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Washington: Medical Marijuana Law Overview and State Fines/Penalties - Archive

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Julie Gardener

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Washington Medical Marijuana Overview​

SUMMARY: Fifty-nine percent of voters approved Measure 692 on November 3, 1998. The law took effect on that day. It removes state-level criminal penalties on the use, possession and cultivation of marijuana by patients who possess "valid documentation" from their physician affirming that he or she suffers from a debilitating condition and that the "potential benefits of the medical use of marijuana would likely outweigh the health risks." Patients diagnosed with the following illnesses are afforded legal protection under this act: cachexia; cancer; HIV or AIDS; epilepsy; glaucoma; intractable pain (defined as pain unrelieved by standard treatment or medications); and multiple sclerosis. Other conditions are subject to approval by the Washington Board of Health. Patients (or their primary caregivers) may legally possess or cultivate no more than a 60-day supply of marijuana. The law does not establish a state-run patient registry.

The medical use provisions in Washington do not include reciprocity provisions protecting visitors from other medical use states.


Senate Bill 6032, mandated the Department of Health to "adopt rules defining the quantity of marijuana that could reasonably be presumed to be a sixty-day supply for qualifying patients." In October 2008, the department finalized guidelines allowing patients to cultivate up to 15 cannabis plants and/or possess up to 24 ounces of usable marijuana. The new limits took effect on November 2, 2008.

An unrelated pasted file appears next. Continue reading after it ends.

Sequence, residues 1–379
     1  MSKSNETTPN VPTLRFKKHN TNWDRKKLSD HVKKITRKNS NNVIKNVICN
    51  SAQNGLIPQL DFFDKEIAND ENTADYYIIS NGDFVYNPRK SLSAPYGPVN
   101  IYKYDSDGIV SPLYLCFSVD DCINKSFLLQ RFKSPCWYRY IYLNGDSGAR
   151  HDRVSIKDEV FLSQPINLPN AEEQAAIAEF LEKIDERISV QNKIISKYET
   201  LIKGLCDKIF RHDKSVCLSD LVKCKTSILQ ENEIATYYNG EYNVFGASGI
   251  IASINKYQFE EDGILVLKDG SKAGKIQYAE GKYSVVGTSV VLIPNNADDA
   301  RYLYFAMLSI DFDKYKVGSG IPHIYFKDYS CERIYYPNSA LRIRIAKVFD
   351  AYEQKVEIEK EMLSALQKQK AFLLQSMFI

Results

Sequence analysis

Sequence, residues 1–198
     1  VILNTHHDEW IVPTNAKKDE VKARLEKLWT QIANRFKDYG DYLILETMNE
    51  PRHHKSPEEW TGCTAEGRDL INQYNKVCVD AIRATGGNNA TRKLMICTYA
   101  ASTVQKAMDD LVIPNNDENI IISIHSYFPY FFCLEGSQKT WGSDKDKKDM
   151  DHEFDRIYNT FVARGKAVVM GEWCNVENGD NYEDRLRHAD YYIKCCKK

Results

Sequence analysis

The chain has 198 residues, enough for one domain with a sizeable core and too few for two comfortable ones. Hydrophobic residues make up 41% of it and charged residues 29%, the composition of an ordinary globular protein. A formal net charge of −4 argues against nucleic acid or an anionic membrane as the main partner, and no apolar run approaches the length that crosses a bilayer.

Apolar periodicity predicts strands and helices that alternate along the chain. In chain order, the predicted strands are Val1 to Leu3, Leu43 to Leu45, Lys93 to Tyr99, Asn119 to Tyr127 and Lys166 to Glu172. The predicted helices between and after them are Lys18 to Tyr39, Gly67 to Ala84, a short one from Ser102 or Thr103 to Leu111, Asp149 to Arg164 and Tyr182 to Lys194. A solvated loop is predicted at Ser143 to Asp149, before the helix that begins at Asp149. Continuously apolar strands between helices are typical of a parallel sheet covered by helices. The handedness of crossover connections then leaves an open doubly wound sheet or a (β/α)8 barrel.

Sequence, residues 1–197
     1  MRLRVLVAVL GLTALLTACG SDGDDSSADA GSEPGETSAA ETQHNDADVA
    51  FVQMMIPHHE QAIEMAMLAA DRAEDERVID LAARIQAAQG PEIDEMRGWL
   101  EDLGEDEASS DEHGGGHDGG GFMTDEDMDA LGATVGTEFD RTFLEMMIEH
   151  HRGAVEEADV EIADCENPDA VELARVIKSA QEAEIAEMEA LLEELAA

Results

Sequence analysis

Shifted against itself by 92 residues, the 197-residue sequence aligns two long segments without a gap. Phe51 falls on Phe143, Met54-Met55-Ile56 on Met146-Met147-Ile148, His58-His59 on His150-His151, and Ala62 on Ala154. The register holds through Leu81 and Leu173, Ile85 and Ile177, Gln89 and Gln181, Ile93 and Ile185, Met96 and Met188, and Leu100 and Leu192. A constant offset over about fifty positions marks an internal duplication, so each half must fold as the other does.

Patients who possess larger quantities of cannabis than those approved by the Department will continue to receive legal protection under the law if they present evidence indicating that they require such amounts to adequately treat their qualifying medical condition.

Senate Bill 6032 also affirmed changes previously recommended by the state's Medical Quality Assurance Commission to expand the state's list of qualifying conditions to include Crohn's disease, hepatitis c, and any "diseases, including anorexia, which results in nausea, vomiting, wasting, appetite loss, cramping, seizures, muscle spasms, and/or spasticity, when these symptoms are unrelieved by standard treatments or medications."

It also limits the ability of police to seize medicinal cannabis that is "determined ... [to be] possessed lawfully [by an authorized patients] under the ... law."


Senate Bill 5798 allows additional health care professionals including naturopaths, physician’s assistants, osteopathic physicians, osteopathic physicians assistants, and advanced registered nurse practitioners to legally recommend marijuana therapy to their patients. The new law will take effect on June 10, 2010.

MEDICAL MARIJUANA STATUTES: Wash. Rev. Code §§ 69.51A - 69.51A.901 (2007).

POSSESSION/CULTIVATION: A qualifying patient and designated provider may possess a total of no more than twenty-four ounces of usable marijuana, and no more than fifteen plants. This quantity became the state's official "60-day supply" on Nov. 2, 2008.

• 24 oz usable; 15 plants

CAREGIVERS: Yes. Designated provider is a person who has been designated in writing by a patient to serve as a designated provider. The caregiver must be 18 years of age or older. The designated provider is prohibited from consuming marijuana obtained for the personal, medical use of the patient for whom the individual is acting as designated provider. The designated provider may be the primary caregiver for only one patient at any one time. Wash. Rev. Code §§69.51A.010, 69.51A.040 (2007).

For further information and Becoming a Patient in Washington

CONTACT INFORMATION: Fact sheets outlining Washington’s medical marijuana law are available from:

Washington State Department of Health